This course approaches the phenomenon of the migration of artists in the early-modern period. Many European architects, sculptors, painters and craftsmen chose to work abroadrather than in their homeland. These artists were pulled and pushed by a variety of factors. The most successful were able to develop multicultural networks and achieved international fame. Others met major obstacles, such as strict local regulations and unexpected changes in demand.
The principal aim of this course is to investigate the forces that were behind the migration of artists. Furthermore, we will analyze the circumstances under which artists were able to achieve economic gain and artistic acclaim, both during their stay in their new host culture and after their return in their homelands.
The following questions will be addressed: What was the role of patrons and collectors? To what degree collaboration and specialization enabled artists to succeed in their new cultural environments? What kind of social networks were they able to develop? How could travelling artists profit from their international status? Did architects, sculptors, painters and craftsmen have different career perspectives in accordance with the principles of their profession? To what degree did foreign artists affect local patterns of demand? What does interculturality mean in terms of artistic production?
The course has three main components:
1. a seminar (10 December 2010) with lectures by specialists from different universities in which the main theoretical issues will be discussed from various angles. There will be a focus on artists from the Netherlands and their stays in nearly all European Countries and Asia. After the lectures, students and speakers will discuss a number of texts related to the subject.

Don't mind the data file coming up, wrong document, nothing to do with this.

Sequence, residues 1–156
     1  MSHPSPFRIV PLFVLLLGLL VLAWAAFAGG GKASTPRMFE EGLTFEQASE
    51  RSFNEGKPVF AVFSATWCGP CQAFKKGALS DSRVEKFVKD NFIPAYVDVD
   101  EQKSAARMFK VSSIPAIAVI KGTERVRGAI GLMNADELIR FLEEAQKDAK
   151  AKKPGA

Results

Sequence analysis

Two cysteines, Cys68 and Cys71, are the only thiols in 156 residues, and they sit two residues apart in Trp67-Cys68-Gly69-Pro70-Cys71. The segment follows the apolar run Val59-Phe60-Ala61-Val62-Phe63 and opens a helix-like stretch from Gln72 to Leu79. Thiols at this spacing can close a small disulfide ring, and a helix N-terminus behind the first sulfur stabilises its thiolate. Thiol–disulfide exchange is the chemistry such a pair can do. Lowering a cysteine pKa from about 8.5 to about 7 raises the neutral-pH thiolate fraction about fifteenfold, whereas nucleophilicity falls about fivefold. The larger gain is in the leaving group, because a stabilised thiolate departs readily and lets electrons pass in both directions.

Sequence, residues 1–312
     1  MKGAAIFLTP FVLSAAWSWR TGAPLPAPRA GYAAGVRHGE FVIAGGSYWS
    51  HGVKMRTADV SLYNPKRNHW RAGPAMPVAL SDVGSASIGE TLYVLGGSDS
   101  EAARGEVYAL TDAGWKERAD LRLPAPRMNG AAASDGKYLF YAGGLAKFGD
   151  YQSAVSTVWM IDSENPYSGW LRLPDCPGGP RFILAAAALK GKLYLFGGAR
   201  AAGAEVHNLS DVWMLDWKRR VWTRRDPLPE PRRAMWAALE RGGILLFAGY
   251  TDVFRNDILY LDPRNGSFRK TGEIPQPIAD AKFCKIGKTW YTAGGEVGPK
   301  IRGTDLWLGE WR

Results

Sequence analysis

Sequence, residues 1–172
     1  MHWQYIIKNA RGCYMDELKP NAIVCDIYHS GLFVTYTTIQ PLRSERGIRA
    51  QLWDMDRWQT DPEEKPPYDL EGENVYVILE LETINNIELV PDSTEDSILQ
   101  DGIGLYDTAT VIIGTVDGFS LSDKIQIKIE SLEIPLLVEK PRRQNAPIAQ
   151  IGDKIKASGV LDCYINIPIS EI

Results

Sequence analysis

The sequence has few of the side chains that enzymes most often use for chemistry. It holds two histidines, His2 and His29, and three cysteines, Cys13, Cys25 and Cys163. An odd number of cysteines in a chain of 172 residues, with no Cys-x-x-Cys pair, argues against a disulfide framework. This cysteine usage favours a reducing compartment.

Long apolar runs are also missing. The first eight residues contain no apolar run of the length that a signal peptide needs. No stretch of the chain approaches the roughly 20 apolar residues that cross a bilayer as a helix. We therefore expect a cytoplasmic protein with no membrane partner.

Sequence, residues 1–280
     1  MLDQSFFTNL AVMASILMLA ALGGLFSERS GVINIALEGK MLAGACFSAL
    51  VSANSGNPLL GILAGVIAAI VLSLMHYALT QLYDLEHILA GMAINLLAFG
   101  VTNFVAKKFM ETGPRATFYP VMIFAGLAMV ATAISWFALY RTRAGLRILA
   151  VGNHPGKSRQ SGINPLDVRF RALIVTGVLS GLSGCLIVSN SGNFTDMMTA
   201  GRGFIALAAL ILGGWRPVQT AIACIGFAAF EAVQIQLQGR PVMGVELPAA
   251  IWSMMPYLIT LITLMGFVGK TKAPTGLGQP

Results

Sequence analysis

2. a stay in Florence ( 5 – 13 January 2011) at the NIKI (Dutch University Institute for Art History), specialized in the artistic relations between Italy and the Netherlands. In Italy, students will attend lectures, go on excursions and visit local libraries.
3. a small paper written by each participant after their return to the Netherlands, focussing on a topic related to the course (in its broadest sense). The paper will be supervised by one of the speakers.
Prof. dr. Gert Jan van der SMAN (NIKI / Leiden)
Prof. Dr. Koen Ottenheym (UU)
Dr. Arjan de Koomen (UvA)
Dr. Michael Kwakkelstein (NIKI)
M.G.C. Osnabrugge MA (PhD Candidate UvA)
Dr. Karolien de Clippel (UU)
Literature for the seminar on December 10, 2010
[soon to be announced]
Participation in the OSK-NIKI ResMA Winter School is open to all students enrolled in a Research Master programme at a Dutch University. Because of the broad scope of the course, students focussing on all disciplines and periods within Art History are encouraged to participate. The number of participants is limited to 14.
The Seminar will take place in Utrecht on December 10, 2010 (10.00 – 18.00hrs). Students are expected to attend all lectures and read and analyse the texts in advance.
The sojourn in Florence is planned for 5 – 13 January 2011. Students will be offered free housing at the NIKI, as well as a travel grant of €100,- . There is no course fee.
Enrollment is possible until November 24, 2010.